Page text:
Nuts have a considerably higher phytic acid content than other plant foods, and some nuts contain more phytic acid than others.
The nuts with the highest amount of phytic acid are:
Almonds - 9.4% phytic acid
Walnuts - 6.7% phytic acid
Brazil nuts - 6.3% phytic acid
How to reduce phytic acid in nuts
You can take steps to remove phytates from certain foods like nuts and reduce the risk of phytate-related mineral deficiencies and gastrointestinal symptoms.
Phytic acid levels are significantly reduced by soaking. Soaking triggers the germination process, which releases the enzyme phytase and causes the breakdown of phytic acid.
Germinating makes nuts more digestible and removes phytic acid. You can soak nuts overnight in fresh water and dehydrate them at low temperatures in the oven or use a dehydrator. Watch this video to learn more about how to germinate seeds and nuts.
To further reduce the risk of mineral deficiency, combine foods rich in iron with vitamin C-rich foods like bell pepper or Brussels sprouts. Vitamin C naturally counteracts phytic acid by increasing intestinal iron absorption.
Most nuts contain phytic acid, a complex natural substance with health benefits but may also increase your risk of mineral deficiencies.
Not all nuts are created equal, some nuts are better for keto than others. The fat-to-carb ratio is the most important factor in choosing keto-friendly nuts. Nuts like pecans, walnuts, brazil nuts, macadamia nuts, and almonds are best for a keto diet.
Consuming germinated nuts as part of a nutrient-dense diet is unlikely to cause any negative health effects. Soaking lowers levels of phytates and makes nuts easier to digest.
To reduce the risk of mineral deficiencies caused by phytate, combine vitamin C-rich foods with meat and plant foods to boost iron absorption and reduce the risk of mineral deficiencies.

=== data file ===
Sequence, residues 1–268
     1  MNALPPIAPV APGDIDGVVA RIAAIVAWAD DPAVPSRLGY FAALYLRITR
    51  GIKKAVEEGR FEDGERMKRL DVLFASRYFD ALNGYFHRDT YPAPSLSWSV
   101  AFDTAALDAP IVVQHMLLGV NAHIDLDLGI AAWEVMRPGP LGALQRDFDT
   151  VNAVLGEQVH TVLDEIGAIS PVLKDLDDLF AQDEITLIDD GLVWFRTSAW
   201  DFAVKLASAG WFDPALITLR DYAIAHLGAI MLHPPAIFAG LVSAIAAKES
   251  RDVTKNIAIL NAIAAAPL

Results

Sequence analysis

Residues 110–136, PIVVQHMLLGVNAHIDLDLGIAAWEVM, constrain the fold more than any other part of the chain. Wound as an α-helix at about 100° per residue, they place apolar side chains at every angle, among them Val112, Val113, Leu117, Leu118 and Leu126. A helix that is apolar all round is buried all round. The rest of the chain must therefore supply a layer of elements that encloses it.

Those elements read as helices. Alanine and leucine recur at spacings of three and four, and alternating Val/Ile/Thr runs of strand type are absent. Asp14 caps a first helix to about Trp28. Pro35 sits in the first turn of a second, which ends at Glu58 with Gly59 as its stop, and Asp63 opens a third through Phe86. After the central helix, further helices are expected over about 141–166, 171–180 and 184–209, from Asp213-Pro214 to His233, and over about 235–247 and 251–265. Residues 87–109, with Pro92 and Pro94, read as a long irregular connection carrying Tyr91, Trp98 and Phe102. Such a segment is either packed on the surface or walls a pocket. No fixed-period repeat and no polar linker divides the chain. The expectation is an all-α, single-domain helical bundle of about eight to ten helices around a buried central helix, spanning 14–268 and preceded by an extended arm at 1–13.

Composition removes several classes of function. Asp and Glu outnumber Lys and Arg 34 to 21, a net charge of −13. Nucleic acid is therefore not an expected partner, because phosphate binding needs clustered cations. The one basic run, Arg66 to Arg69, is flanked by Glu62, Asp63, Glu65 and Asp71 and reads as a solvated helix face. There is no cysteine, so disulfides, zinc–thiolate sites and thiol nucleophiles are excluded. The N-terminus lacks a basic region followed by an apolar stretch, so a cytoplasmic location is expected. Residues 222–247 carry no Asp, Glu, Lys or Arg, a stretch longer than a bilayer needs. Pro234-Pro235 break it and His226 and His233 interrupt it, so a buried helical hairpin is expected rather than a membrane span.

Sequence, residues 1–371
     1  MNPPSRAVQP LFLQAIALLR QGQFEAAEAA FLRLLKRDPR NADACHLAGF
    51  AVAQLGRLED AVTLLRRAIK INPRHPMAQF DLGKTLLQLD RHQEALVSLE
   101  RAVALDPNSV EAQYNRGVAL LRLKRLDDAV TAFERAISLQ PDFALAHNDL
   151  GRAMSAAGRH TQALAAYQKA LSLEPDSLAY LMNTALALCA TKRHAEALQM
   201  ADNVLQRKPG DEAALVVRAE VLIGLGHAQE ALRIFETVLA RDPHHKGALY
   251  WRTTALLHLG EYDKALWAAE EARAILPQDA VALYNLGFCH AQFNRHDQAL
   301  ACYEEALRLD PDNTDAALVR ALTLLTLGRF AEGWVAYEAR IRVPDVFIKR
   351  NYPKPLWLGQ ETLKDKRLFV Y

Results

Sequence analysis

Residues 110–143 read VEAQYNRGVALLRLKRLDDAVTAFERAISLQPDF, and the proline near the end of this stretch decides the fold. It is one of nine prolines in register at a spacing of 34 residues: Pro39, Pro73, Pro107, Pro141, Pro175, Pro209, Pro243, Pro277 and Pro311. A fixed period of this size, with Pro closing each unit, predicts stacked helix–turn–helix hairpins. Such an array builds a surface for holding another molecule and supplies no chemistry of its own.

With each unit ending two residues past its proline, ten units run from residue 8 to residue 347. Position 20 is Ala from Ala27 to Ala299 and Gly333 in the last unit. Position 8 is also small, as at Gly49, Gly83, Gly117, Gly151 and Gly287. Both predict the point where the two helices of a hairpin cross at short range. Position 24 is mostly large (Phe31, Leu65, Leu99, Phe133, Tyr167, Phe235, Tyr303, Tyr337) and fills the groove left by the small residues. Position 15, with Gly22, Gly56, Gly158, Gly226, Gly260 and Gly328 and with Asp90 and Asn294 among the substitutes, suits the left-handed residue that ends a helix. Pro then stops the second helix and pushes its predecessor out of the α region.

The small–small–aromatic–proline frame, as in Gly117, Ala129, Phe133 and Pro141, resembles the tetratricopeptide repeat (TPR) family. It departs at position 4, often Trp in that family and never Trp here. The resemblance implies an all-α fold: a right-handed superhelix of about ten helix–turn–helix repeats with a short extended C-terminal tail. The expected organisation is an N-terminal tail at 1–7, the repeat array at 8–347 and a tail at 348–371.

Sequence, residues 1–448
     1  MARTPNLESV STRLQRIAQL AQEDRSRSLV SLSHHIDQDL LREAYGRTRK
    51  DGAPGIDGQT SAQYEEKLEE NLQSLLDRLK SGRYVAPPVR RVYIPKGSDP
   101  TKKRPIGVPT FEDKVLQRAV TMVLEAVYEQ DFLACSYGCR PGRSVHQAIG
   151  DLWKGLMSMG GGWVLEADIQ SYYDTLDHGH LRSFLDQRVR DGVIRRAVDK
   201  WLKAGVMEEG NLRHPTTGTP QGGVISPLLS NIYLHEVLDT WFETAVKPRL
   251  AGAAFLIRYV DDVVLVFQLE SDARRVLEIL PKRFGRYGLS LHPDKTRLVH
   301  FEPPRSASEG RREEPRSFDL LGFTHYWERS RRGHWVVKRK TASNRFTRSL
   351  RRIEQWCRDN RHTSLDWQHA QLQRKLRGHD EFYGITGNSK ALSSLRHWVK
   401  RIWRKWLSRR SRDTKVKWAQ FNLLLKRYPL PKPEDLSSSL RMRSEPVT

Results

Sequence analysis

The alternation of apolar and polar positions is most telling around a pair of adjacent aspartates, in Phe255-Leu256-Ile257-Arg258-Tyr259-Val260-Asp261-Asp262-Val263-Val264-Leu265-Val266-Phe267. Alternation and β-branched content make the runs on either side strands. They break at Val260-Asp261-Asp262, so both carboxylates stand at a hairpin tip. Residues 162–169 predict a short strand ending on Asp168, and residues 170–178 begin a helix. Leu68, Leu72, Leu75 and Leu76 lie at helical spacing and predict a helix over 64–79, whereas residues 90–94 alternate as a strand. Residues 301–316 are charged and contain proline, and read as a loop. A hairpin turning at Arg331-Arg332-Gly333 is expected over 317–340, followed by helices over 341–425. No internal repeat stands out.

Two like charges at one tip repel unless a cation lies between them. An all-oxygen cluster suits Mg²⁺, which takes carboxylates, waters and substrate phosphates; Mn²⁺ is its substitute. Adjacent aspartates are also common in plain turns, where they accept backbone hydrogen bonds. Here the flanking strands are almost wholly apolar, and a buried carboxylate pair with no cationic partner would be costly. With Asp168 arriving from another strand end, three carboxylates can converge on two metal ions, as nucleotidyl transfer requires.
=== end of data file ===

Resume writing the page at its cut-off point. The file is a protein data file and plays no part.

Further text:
1. Is phytic acid bad?
Phytic acid is a natural chemical with several health benefits but may increase your risk of mineral deficiencies.
Phytic acid is classified as an anti-nutrient and can contribute to nutrient deficiencies by inhibiting zinc, copper, calcium, and nonheme iron absorption. However, it’s also a powerful antioxidant that protects DNA and amino acids from oxidation lower the risk of colon cancer, improves insulin signaling, and has probiotic effects for beneficial bacteria in your gut.
2. How much phytic acid is in nuts?
Most nuts contain phytic acid. Almonds, walnuts, and Brazil nuts have the highest amounts of phytic acid.
Almonds contain 9.4% phytic acid, walnuts contain 6.7% phytic acid, and Brazil nuts contain 6.3% phytic acid.
3. Can I soak nuts to reduce phytic acid?
Yes, soaking is an excellent technique to remove phytic acid from nuts. Soaking releases the enzyme phytase responsible for breaking down phytic acid.
4. Does phytic acid cause bloating?
Yes, phytic acid can cause bloating and other unpleasant digestive issues. Phytic acid can inhibit digestive enzymes in your small intestines resulting in impaired digestion.
If food isn't properly digested, fats, proteins and starches remain in your intestines and are fermented by the bacteria in your gut. Gas is a by-product of bacterial fermentation, explaining why phytic acid can cause bloating.
5. Can phytic acid slow digestion?
Yes, phytic acid can slow your digestion. Digestive enzymes in your small intestines can be inhibited by phytic acid, leading to slower digestion and poorly absorbed fats, proteins, and starches.
6. How much phytic acid can I have?
The amount of phytic acid you can have without adverse effects depends on factors like your overall diet and digestive enzyme levels. Eating some phytate-containing foods as part of a balanced and nutrient-dense diet rarely causes mineral deficiency or digestive issues.
Some people are more sensitive to phytic acid than others. Pay attention to your body and tweak your diet if you experience any symptoms after eating nuts.
7. How can I reduce phytic acid in nuts?
You can soak nuts to lower the phytic acid content. Soaking starts the germination process, which causes the enzyme phytase to be released. Because phytase breaks down phytic acid, soaking is an excellent way to minimize digestive side effects and reduce the risk of mineral deficiencies.
8. Is phytic acid really a health concern?
Consuming some phytic acid-containing foods as part of a nutrient-dense, balanced diet typically doesn't cause any health concerns. Iron or zinc deficiency isn't a concern if you consume meat regularly. Soaking nuts will minimize phytic acid side effects.
Phytic acid can be a health concern in some developing countries that primarily rely on phytate-rich food sources like cereals, wheat bran, and grains. Because phytate lowers the bioavailability of minerals, mineral deficiencies are a much more prominent health concern in low-income countries.